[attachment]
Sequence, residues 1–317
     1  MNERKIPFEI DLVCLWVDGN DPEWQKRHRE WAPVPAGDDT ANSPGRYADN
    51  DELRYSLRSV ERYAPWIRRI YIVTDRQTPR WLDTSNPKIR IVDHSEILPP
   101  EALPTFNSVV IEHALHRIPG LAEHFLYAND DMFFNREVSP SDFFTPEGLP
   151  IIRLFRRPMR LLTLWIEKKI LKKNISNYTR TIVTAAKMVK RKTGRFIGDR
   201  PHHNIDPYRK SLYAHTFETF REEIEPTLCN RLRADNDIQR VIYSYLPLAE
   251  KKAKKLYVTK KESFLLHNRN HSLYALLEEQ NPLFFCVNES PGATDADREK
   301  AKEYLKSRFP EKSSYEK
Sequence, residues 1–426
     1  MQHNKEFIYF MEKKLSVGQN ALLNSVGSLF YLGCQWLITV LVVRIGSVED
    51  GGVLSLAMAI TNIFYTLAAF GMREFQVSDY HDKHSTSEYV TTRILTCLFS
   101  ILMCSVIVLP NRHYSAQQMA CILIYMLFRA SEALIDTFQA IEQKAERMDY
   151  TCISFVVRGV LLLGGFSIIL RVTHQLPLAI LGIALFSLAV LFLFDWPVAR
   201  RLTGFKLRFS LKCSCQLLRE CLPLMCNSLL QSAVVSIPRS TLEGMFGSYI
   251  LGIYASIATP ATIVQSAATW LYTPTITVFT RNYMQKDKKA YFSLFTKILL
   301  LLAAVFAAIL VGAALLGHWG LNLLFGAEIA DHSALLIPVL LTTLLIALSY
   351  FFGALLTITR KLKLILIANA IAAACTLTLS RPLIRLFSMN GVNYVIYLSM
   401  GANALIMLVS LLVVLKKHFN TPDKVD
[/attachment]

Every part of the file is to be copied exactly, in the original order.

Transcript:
Sequence, residues 1–317
     1  MNERKIPFEI DLVCLWVDGN DPEWQKRHRE WAPVPAGDDT ANSPGRYADN
    51  DELRYSLRSV ERYAPWIRRI YIVTDRQTPR WLDTSNPKIR IVDHSEILPP
   101  EALPTFNSVV IEHALHRIPG LAEHFLYAND DMFFNREVSP SDFFTPEGLP
   151  IIRLFRRPMR LLTLWIEKKI LKKNISNYTR TIVTAAKMVK RKTGRFIGDR
   201  PHHNIDPYRK SLYAHTFETF REEIEPTLCN RLRADNDIQR VIYSYLPLAE
   251  KKAKKLYVTK KESFLLHNRN HSLYALLEEQ NPLFFCVNES PGATDADREK
   301  AKEYLKSRFP EKSSYEK
Sequence, residues 1–426
     1  MQHNKEFIYF MEKKLSVGQN ALLNSVGSLF YLGCQWLITV LVVRIGSVED
    51  GGVLSLAMAI TNIFYTLAAF GMREFQVSDY HDKHSTSEYV TTRILTCLFS
   101  ILMCSVIVLP NRHYSAQQMA CILIYMLFRA SEALIDTFQA IEQKAERMDY
   151  TCISFVVRGV LLLGGFSIIL RVTHQLPLAI LGIALFSLAV LFLFDWPVAR
   201  RLTGFKLRFS LKCSCQLLRE CLPLMCNSLL QSAVVSIPRS TLEGMFGSYI
   251  LGIYASIATP ATIVQSAATW LYTPTITVFT RNYMQKDKKA YFSLFTKILL
   301  LLAAVFAAIL VGAALLGHWG LNLLFGAEIA DHSALLIPVL LTTLLIALSY
   351  FFGALLTITR KLKLILIANA IAAACTLTLS RPLIRLFSMN GVNYVIYLSM
   401  GANALIMLVS LLVVLKKHFN TPDKVD